How Will the Powerhouse 2016 Big Ten Season Play Out? Here’s What the Analytics Suggest …


[Editor’s note: This post was written by Ed Feng of The Power Rank, who joined us on a recent special edition episode of The Assembly Call a few weeks ago. Ed discussed in detail how he sees the Big Ten race playing out in 2015-16. He outlines those thoughts below.

Oh, and he’s a Michigan fan. But try not to hold that against him … ;-) ]

So … will your Indiana Hoosiers win the Big Ten this season?

If not, which team will top the conference in 2015-16?

To shed light on this question, I combined my college basketball analytics at The Power Rank with subjective factors.

First, I looked at two of my rankings.  The first was my Big Ten team rankings from last season based on points per possession adjusted for strength of schedule. Ken Pomeroy does the same type of calculation but with a different algorithm.

In 2014-15, Indiana finished with the 7th-best offensive efficiency in the country … but the 192nd-worst defensive efficiency.  These numbers placed them 6th in the Big Ten as a team.

Second, I used a regression model that takes the previous four seasons of team rankings to predict next season.  College basketball teams’ performance tends to persist from season to season — it’s unlikely Rutgers will jump from last to first, for example.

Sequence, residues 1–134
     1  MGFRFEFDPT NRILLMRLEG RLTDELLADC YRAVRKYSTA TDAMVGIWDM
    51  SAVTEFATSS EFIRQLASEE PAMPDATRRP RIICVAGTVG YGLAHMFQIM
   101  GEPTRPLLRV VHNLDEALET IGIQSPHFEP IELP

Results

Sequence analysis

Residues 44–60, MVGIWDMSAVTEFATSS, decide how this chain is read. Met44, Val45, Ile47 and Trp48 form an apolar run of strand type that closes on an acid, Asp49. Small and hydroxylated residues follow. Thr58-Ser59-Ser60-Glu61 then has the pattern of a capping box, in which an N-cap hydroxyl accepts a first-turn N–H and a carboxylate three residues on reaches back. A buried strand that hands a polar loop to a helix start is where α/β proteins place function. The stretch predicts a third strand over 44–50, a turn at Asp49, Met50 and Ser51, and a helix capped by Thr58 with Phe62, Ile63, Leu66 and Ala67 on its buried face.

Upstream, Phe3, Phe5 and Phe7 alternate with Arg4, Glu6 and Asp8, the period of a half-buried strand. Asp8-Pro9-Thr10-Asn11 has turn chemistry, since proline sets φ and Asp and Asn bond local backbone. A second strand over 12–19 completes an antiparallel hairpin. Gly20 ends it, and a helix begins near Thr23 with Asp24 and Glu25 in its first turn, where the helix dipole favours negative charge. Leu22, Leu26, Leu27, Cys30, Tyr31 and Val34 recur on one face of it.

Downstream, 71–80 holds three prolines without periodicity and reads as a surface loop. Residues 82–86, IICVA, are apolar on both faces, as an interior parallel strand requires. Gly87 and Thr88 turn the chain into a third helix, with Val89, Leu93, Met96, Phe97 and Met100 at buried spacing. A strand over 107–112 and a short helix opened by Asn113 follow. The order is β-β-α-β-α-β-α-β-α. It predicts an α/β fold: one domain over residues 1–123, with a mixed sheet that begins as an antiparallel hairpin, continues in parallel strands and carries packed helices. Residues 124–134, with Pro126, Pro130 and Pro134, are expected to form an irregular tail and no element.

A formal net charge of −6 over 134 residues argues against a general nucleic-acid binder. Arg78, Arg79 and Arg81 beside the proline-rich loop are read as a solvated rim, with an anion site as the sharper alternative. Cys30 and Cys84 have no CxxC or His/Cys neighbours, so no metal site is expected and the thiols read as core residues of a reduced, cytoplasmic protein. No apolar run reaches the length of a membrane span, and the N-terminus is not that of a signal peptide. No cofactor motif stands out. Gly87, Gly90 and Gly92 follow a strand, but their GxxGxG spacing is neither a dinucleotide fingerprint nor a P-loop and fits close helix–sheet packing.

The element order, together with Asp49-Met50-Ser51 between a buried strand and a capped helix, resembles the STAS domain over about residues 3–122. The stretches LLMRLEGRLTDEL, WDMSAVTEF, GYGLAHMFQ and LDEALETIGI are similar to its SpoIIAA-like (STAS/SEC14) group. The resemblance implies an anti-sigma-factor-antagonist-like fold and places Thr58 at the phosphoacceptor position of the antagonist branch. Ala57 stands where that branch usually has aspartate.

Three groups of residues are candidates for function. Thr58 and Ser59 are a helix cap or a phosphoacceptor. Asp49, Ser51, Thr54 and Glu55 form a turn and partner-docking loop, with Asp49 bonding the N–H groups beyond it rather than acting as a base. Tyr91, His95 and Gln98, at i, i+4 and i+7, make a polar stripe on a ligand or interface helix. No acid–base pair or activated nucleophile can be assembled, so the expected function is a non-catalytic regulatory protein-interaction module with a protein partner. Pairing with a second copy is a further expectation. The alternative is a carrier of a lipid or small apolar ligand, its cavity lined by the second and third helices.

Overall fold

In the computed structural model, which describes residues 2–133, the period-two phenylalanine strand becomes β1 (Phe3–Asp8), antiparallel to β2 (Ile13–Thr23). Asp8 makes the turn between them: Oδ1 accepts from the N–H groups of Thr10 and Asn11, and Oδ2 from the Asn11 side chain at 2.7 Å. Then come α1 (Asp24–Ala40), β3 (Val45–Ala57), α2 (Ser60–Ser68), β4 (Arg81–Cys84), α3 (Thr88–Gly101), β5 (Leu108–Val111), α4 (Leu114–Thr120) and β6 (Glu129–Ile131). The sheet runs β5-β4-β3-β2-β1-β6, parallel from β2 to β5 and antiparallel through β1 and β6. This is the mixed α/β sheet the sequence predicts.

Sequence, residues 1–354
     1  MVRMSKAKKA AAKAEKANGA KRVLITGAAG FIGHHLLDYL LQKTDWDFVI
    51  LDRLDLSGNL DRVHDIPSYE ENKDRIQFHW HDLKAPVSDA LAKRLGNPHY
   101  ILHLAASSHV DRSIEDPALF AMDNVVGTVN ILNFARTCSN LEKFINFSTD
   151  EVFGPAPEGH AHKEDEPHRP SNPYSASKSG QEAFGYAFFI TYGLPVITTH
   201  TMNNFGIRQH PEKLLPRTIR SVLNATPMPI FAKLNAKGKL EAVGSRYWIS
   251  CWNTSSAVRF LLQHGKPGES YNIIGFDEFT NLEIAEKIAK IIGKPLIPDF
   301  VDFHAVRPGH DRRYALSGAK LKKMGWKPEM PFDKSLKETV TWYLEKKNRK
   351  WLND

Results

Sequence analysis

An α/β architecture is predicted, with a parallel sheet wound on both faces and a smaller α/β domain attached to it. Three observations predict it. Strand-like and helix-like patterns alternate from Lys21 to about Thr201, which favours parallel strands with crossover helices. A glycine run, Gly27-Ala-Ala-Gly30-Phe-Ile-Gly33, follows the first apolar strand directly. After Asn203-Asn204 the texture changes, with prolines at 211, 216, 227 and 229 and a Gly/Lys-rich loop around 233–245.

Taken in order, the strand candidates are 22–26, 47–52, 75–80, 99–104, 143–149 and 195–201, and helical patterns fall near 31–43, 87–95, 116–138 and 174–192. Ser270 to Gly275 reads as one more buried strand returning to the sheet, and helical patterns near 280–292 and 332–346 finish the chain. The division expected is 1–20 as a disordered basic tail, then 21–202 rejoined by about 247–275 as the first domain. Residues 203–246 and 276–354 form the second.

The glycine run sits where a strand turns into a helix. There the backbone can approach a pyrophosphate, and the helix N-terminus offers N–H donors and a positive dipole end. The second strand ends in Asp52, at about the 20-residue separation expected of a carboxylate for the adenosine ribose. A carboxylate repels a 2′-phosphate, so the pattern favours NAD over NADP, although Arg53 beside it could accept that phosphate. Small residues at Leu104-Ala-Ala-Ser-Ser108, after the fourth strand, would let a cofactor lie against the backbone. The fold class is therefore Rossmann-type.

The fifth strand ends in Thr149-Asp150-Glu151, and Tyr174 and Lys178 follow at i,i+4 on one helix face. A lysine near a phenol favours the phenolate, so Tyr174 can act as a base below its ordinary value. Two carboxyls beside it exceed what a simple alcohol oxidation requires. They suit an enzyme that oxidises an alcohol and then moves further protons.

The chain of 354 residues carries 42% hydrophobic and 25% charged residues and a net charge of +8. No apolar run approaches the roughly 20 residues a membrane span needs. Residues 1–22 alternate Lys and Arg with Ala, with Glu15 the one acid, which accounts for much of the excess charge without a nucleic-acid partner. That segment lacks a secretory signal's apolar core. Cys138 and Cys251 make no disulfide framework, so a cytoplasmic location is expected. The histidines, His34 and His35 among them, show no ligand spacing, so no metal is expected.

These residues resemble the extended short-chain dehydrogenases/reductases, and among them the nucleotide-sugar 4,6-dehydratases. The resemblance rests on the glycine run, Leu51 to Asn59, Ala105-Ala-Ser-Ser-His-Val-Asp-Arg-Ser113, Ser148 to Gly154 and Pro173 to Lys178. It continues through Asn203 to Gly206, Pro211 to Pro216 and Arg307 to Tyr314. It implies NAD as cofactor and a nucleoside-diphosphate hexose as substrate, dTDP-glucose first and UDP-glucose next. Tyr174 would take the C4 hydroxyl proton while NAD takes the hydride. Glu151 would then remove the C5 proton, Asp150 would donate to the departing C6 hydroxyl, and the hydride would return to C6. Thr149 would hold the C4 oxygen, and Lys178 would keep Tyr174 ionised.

Last, I consider subjective factors such as departed and returning players. For example, Wisconsin lost Big Ten player of the year Frank Kaminsky, which makes it difficult rank them first despite what the numbers say.

This combination of objective and subjective factors gives the following rankings.

1. Michigan State

Tom Izzo has a lot of pieces coming back (Denzel Valentine, Bryn Forbes). In addition, it’s hard to argue against a consistent program that has reached the Sweet 16 seven of the last ten years, best in the nation.

2. Maryland

I’m not buying all of the hype around this team. They have talent in Melo Trimble, Jake Layman, and a host of new transfers and freshmen, but they couldn’t crack the top-20 in my efficiency rankings from last season.

3. Wisconsin 

Bo Ryan has never finished worse than 4th in the Big Ten at Wisconsin. Despite the departure of Frank Kaminsky and Sam Dekker, he still has two of the league’s best players in Bronson Koenig and Nigel Hayes.

4. Indiana

Will the Hoosiers play defense? Tom Crean had the 15th-best team by defensive efficiency two seasons ago (Zeller, Oladipo, Watford), so history suggests he can lead a good defensive team.

5. Ohio State